SERIES: Brookings East Asia Commentary | Number 3 of 88 « Previous | Next »

Old Enemies Become Friends: U.S. and Vietnam

For two governments that fought each other in a long, bitter war, the steady improvement in U.S.-Vietnam relations in recent years has been a remarkable development. At a time when America's relations with some old friends are strained, our friendly ties with this old enemy must seem surprising to many people. As two veteran Asia hands, former U.S. Ambassadors Stephen Bosworth and Morton Abramowitz, recently commented, "Ironically, Vietnam may ... be the most pro-American country in Southeast Asia." While America's "soft power" may be eroding elsewhere in Asia, young Vietnamese idolize Bill Gates and aspire to study at our universities.

Vietnamese-American ties will get attention this fall when President Bush visits Hanoi for the November 18-19 meeting of the Asia Pacific Economic Cooperation (APEC) forum. In addition to attending the multilateral APEC meeting, Bush will make an official visit to Vietnam, meeting the leadership in Hanoi and visiting Ho Chi Minh City, the country's leading economic center.

Vietnam's first experience as host of the mammoth APEC gathering will be an important coming-out party for Asia's second fastest growing economy. Vietnam also seems poised to join the World Trade Organization (WTO) just before or after the APEC meeting. The WTO entry will be a major milestone in the country's post-cold war integration into the world.

The good relations between Washington and Hanoi can be attributed to two factors: (1) a pragmatic approach by both countries since normalization in 1995, focusing on present and future mutual benefits rather than obsessing about the past, and; (2) more recently, the realization by both parties that we have no strategic conflict and, in fact, have important areas of strategic convergence.


1995 - 2003: Reconciliation and Trade

Until fairly recently, the U.S. approach to Vietnam was separate from any strategic plan for the East Asia region. Beginning in the early 1990s, the process of normalization involved a series of steady yet cautious steps whose pace was set by single-issue interest groups: POW-MIA families seeking to account for their missing loved ones, veterans seeking reconciliation, Vietnamese refugees wanting reunification with family members left behind, humanitarian and educational institutions, and American businesses seeking to export to Vietnam or invest there. Vietnam has seemed motivated primarily by its wish for access to U.S. markets and investments and by the importance of U.S. support for admission to the world's leading clubs, from APEC to the WTO.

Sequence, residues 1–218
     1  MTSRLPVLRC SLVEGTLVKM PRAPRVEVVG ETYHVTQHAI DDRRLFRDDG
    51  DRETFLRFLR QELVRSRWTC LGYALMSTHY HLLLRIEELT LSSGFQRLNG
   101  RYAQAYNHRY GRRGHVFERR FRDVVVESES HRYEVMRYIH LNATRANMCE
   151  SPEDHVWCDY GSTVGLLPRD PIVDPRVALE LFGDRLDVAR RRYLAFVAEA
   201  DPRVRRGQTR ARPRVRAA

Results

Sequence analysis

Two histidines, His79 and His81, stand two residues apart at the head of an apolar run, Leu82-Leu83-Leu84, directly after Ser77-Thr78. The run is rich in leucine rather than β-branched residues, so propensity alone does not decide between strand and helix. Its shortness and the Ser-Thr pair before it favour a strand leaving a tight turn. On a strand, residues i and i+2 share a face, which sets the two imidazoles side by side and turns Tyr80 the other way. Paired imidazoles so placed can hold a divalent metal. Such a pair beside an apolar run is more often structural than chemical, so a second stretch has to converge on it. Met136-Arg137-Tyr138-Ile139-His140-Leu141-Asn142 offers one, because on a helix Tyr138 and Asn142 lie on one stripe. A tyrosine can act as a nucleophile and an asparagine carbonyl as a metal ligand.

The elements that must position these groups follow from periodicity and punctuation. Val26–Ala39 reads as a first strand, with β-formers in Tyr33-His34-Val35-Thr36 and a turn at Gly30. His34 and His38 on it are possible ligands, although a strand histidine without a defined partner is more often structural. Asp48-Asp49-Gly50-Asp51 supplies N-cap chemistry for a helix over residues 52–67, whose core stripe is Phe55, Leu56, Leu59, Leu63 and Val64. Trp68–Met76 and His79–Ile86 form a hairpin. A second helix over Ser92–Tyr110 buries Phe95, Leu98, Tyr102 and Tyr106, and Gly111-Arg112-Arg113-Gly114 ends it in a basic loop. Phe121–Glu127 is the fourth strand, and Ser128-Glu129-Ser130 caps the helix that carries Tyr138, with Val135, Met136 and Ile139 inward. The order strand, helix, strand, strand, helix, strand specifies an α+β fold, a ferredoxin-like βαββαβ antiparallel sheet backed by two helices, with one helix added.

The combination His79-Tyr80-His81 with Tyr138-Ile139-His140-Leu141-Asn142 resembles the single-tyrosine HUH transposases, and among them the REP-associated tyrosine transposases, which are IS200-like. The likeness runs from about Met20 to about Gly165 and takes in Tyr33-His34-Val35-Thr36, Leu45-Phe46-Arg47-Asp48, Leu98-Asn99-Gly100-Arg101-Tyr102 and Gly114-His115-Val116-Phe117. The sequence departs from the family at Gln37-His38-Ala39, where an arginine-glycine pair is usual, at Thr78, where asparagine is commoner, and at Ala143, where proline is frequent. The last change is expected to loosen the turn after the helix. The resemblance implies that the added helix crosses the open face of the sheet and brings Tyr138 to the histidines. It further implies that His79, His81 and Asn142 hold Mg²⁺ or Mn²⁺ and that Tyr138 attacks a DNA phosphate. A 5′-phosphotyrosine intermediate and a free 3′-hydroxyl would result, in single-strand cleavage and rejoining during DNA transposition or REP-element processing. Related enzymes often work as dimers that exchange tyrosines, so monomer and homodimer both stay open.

As bilateral ties strengthened in the late 1990s, the focus turned toward economic opportunities. Two-way trade has grown over five-fold since a bilateral trade agreement was signed in December 2001, followed quickly by textile and civil aviation agreements. The U.S. is now Vietnam's biggest trade partner. U.S. investment in the country grew more slowly but is now a significant factor in Vietnam's growth. Intel's announcement last February that it will build a $605 million chip plant and testing facility in Ho Chi Minh City was a significant event in the country's progress beyond garments and shoes to higher levels of manufacturing. A Vietnamese leader told me recently that the country's decision in 2005 to give Lockheed Martin the contract to build and launch the country's first commercial satellite, a sensitive item, was an important symbol of trust and strong ties.

This healthy economic relationship has been accompanied by significant humanitarian and educational cooperation. In 2004 President Bush decided that Vietnam, which had taken a very responsible approach to the SARS epidemic, would be the only Asian country to benefit from a special presidential fund for HIV/AIDS. In the educational field, the U.S. government contributes more than ten million dollars each year toward Fulbright and other programs for Vietnam, a greater amount than for any other country.